Jewish Books and the Academic Library
I was honored to be invited to join the Working Group on the History of the Jewish Book. I am not able to attend AJS this year but have sent in a few words that hopefully will add some perspectives on the relations between academic libraries and the study of the Jewish book. I look forward to continuing and expanding our conversation at next year’s AJS.
Universities and colleges throughout Europe, Israel and North America have collected in their libraries and made accessible Jewish books since the 1700s. They hired and retained specially trained staff that selected materials, and developed classification, indexing and cataloging methods to organize these items systematically. Catalogs of these institutions reflect the holdings that support the study of Jewish religion, history, society, politics, languages, culture and literature.
During the past two decades rapidly evolving electronic and information technologies have been and are actively changing scholarly research in Jewish Studies. The current and new generations of Jewish Studies scholars and academics must be prepared for these changes or face the consequences of not keeping up with them. University libraries as repositories and Jewish Studies librarians, as information specialists are uniquely equipped to help scholars integrate traditional and new resources into their research methodologies.
Jewish Studies scholars have traditionally relied on printed or paper-based tools to carry out their research. Electronic versions of our textual legacy are becoming increasingly important. Previous decades saw the appearance of digital literary collections on CD-ROM. Today, universities, libraries, archives, and other institutions and organizations are digitizing print versions of Judaica-related books and mounting them on the web. These collections contain searchable or non-searchable images from printed editions, or keyed-in digital texts. Some notable examples emanating from university libraries are the Yiddish Prints Collection at the Universitatsbibliothek Frankfurt am Main, the Jewish National and University Library Digitized Book Repository, the University of Pennsylvania/Cambridge Genizah Fragment Project and the Bibliotheca Rosenthalia’s holdings of works by Manasseh ben Israel. Academic librarians have been the main ones in their institutions who decide which texts get digitized or consult with faculty on selecting bodies of materials for electronic preservation and dissemination. Of course mass digitization projects undertaken by companies such as Google are taking the decision-making out of the hands of librarians and faculty in participating institutions, except for where rare or very fragile materials are concerned. Librarians also determine how access to internal and external collections of digital materials is made available to their university library patrons.
Scholars and other individuals are turning to digital technologies to create new editions of classic texts and also “digitally born” editions of new books. Zachary Baker, Reinhard Family Curator of Judaica and Hebraica Collections at Stanford University has recently accessioned into the Stanford University Libraries collection and had cataloged for its library online catalog: the “Ladino Digital Library”, a corpus of new electronic editions of printed Ladino texts and the “Zohar Pritzker edition, Aramaic Text Online.” Also recently “added” to the Stanford library’s collections is “Rabanim She-nisifu Ba-Sho’ah”, an electronic text written and published on the Internet in 2007 in an HTML format by Peninah Maizlish. The catalog records for these items have also been added to OCLC WorldCat which is becoming a de-facto union catalog for printed and electronic Judaica and Hebraica texts.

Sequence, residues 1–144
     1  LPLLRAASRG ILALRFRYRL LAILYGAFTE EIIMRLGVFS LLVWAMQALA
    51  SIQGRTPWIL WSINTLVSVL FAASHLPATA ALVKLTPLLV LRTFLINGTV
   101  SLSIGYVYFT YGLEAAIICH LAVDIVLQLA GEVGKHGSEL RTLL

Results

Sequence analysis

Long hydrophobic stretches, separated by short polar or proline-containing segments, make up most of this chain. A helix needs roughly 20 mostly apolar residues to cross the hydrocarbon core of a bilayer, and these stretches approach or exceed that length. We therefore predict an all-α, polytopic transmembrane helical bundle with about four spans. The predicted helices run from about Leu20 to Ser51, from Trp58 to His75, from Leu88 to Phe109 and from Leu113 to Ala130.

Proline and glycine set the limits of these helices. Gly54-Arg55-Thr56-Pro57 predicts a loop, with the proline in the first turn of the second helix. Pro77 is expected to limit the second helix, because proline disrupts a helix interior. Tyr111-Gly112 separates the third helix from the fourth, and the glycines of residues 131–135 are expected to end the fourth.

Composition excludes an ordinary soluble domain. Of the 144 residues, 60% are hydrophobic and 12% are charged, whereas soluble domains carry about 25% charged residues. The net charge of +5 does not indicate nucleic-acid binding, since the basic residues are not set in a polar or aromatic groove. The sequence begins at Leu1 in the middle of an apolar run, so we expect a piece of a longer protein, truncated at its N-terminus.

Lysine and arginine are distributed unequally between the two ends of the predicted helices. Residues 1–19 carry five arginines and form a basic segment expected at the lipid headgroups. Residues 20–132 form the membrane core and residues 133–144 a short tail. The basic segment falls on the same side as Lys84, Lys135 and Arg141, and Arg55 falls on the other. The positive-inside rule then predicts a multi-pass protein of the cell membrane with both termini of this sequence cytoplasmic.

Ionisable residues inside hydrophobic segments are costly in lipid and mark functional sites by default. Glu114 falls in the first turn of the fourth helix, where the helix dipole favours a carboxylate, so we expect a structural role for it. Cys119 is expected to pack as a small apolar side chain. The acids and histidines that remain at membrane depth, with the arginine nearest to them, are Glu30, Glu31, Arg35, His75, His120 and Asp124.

Universities continue to collect and scholars continue to use printed books. Stanford adds approximately 60,000 new printed volumes to its collections each year. University libraries receive regular and ongoing acquisitions from vendors in the area of Jewish Studies based on selection profiles developed by bibliographers who understand and anticipate the research needs of their institution’s faculty and students. Jewish Studies librarians are always on the lookout for specialized textual materials which make a university’s Judaica and Hebraica collections even more unique. Stanford has acquired in recent years, the Eliasaf Robinson Collection on Tel Aviv, a heterogeneous body of printed works (books, journals, posters and other ephemera), archival documents and pictorial materials on the founding and early history of Tel Aviv, and the historic Hebrew Library of Copenhagen's Jewish community.
But with the ongoing acquisition of physical items, university libraries are under increasing pressure to find ways to store their holdings and to make room for new materials. In many cases they are building onsite and offsite high-density storage facilities to accommodate growing print collections. Librarians must come up with the best strategies and solutions to buffer the expectations and needs of faculty and students against the requirements of university administrations.
The role of the university library and librarians in supporting and providing access to Judaica and Hebraica textual materials in a variety of formats is crucial. They are uniquely placed to think about and decide how and where users can access library collections, monitor the use of these collections, decide what is and is not collected, think about how and where these materials are stored, how much cataloging and indexing is provided, and how and what to preserve within library collections.
Thank you for allowing me to add these few words. If you have any questions or comments please feel free to contact me at any time.